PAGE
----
Question: For the past year I’ve been spending all of my extra monthly income on paying off my credit cards and student loans – but to be honest – it’s leading to a lower quality of life. I’m just not allowing my self to spend money on those little things like the movies and going to dinner with friends. How can I balance being smart with paying off my debt, but not living in a “Netflix and chill” only bubble? I don’t want to eat ramen noodles for the rest of my life.
— David in Florida
Howard Dvorkin CPA answers…
This is one of the most common and troubling questions I hear. It pains me, because Americans who really want to get out of debt are fast becoming a rarity. As I’ve written before, being in debt is becoming a terrible new normal.
An exasperated woman once asked me, “How can I get out of debt when I have no money — which is why I got into debt in the first place? Is there any bigger Catch-22?”
I don’t know if there’s a bigger Catch-22, but I know of few more pervasive and painful. Fortunately, there are seven concrete steps you can do. None involve ramen noodles.
1. Pay what you can smarter
If you’re making monthly payments on several credit cards, don’t make the mistake of making minimum or minimal payments equally to each card. You either want to pay off the card with the highest APR or the card with the lowest balance. Learn more: Credit Card Debt Reduction Plans.
2. Ask and you shall reprieve
This sounds too easy to be true, but you can simply call your credit card company and ask for a lower interest rate. Why would they do this? Because they might not want to lose a good customer. Like anything else, there’s a right and proper way to ask. Learn how by reading Credit Card Interest Rate Negotiation.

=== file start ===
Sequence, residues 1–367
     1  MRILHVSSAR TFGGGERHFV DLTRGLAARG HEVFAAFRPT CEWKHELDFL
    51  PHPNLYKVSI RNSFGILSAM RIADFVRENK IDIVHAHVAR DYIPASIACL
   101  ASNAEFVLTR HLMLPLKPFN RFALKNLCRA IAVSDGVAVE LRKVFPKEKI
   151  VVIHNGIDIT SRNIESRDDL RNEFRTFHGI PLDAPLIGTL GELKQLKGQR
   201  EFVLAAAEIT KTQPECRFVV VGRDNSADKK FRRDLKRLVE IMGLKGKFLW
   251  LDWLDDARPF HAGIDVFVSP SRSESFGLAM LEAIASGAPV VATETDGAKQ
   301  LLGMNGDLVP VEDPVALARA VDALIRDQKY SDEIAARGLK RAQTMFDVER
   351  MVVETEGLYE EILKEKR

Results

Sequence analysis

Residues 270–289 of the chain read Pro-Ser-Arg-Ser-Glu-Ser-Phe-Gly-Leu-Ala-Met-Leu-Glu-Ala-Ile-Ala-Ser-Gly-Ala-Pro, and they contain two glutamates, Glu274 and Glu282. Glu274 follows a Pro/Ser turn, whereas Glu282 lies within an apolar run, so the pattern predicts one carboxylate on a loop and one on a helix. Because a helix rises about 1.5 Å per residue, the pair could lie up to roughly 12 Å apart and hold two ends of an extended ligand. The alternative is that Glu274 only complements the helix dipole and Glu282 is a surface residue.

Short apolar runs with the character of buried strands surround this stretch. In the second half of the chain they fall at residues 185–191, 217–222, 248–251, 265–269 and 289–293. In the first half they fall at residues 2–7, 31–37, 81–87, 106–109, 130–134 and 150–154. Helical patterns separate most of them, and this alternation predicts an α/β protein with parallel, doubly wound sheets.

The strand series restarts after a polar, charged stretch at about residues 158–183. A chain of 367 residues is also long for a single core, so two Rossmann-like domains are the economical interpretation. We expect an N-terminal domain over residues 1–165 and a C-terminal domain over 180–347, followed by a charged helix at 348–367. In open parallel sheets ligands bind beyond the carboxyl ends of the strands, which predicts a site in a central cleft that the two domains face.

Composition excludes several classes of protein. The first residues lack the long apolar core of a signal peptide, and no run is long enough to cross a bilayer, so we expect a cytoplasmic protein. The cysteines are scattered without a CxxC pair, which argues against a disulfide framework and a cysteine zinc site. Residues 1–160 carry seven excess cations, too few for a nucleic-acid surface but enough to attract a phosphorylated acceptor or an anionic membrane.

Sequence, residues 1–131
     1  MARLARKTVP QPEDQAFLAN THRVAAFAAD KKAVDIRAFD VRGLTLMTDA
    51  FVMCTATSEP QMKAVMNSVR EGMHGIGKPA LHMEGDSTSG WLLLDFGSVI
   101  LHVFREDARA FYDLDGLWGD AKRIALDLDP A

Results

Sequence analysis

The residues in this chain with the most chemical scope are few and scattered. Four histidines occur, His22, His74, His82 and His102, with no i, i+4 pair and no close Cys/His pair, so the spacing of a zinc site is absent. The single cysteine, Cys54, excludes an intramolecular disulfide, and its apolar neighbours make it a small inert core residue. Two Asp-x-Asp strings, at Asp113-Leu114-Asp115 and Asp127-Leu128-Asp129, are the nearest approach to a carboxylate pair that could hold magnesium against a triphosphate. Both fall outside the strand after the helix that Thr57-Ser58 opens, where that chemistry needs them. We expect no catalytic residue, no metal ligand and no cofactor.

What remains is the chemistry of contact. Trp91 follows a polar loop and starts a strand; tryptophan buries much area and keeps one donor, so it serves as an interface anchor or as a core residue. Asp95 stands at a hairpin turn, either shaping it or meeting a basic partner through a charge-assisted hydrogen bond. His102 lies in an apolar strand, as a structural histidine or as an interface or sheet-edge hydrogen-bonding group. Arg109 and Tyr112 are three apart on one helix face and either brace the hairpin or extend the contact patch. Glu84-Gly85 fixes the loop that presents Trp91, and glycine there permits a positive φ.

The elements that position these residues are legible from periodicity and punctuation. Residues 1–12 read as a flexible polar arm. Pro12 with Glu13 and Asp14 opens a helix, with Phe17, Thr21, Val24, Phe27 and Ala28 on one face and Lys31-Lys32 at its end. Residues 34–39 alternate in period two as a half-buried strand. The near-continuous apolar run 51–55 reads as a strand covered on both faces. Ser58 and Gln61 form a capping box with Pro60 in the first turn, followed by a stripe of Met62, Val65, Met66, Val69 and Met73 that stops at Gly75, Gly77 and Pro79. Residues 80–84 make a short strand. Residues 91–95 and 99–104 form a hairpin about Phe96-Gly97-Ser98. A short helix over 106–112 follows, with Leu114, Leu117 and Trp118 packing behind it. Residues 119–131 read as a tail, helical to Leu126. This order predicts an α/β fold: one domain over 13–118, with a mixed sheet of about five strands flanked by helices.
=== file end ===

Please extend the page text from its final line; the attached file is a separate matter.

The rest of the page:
3. Move your debts
Some credit cards offer a zero-percent introductory interest rate, and they let you transfer your current high-interest debt. Why? Because, sadly, they know most folks won’t pay off their debts by the time the introductory period (up to 18 months) ends. If you do it right, however you can save thousands. Here’s how: Credit Card Debt Transfer for DIY Consolidation.
4. Condense your debts
In some cases, it makes sense to take out a loan to consolidate all your debts into one monthly payment that’s lower than all the little payments you’ve been making. It’s relatively easy if it makes sense for your financial situation, but of course, it’s a tad complicated to figure out if it’s indeed right for you. That’s why you first need to read the Credit Card Debt Consolidation Loan Guide.
5. Consult an expert
Of the options on this list, my favorite is surely this one: credit counseling. There might be no such thing as a free lunch, but there is such a thing as a free debt analysis from a certified credit counselor. Many people don’t pursue this because they don’t believe it. I urge you to read Credit Counseling: Certified Credit Card Debt Help and become a believer.
6. Learn about DMPs
That’s short for debt management program. Unlike credit counseling, you’ll pay a small fee, but in exchange, you’ll reduce your total monthly payments by 30 to 50 percent. These programs have been around for decades and have helped millions. Check out the Debt Management Program Guide.
7. Settle for less
Finally, you can simply settle your debts for less than you owe, sometimes even half. This is the most complicated option, and not one you should entertain frivolously. Read the details here: Credit Card Debt Settlement Programs.
I don’t know which option is best for you, David. In fact, more than one might be best. However, I don’t know how much you owe, at what interest rates, how much you earn, what your must-pay bills are, and if you have other debts like a car payment or mortgage.
These are the questions you’ll be asked if you pursue a free debt analysis with a credit counseling agency. I’d suggest you do that first. The sooner you do, the sooner you can replace ramen with steak!
Have a debt question?
Email your question to email@example.com and Howard Dvorkin will review it. Dvorkin is a CPA, chairman of Debt.com, and author of two personal finance books, Credit Hell: How to Dig Yourself Out of Debt and Power Up: Taking Charge of Your Financial Destiny.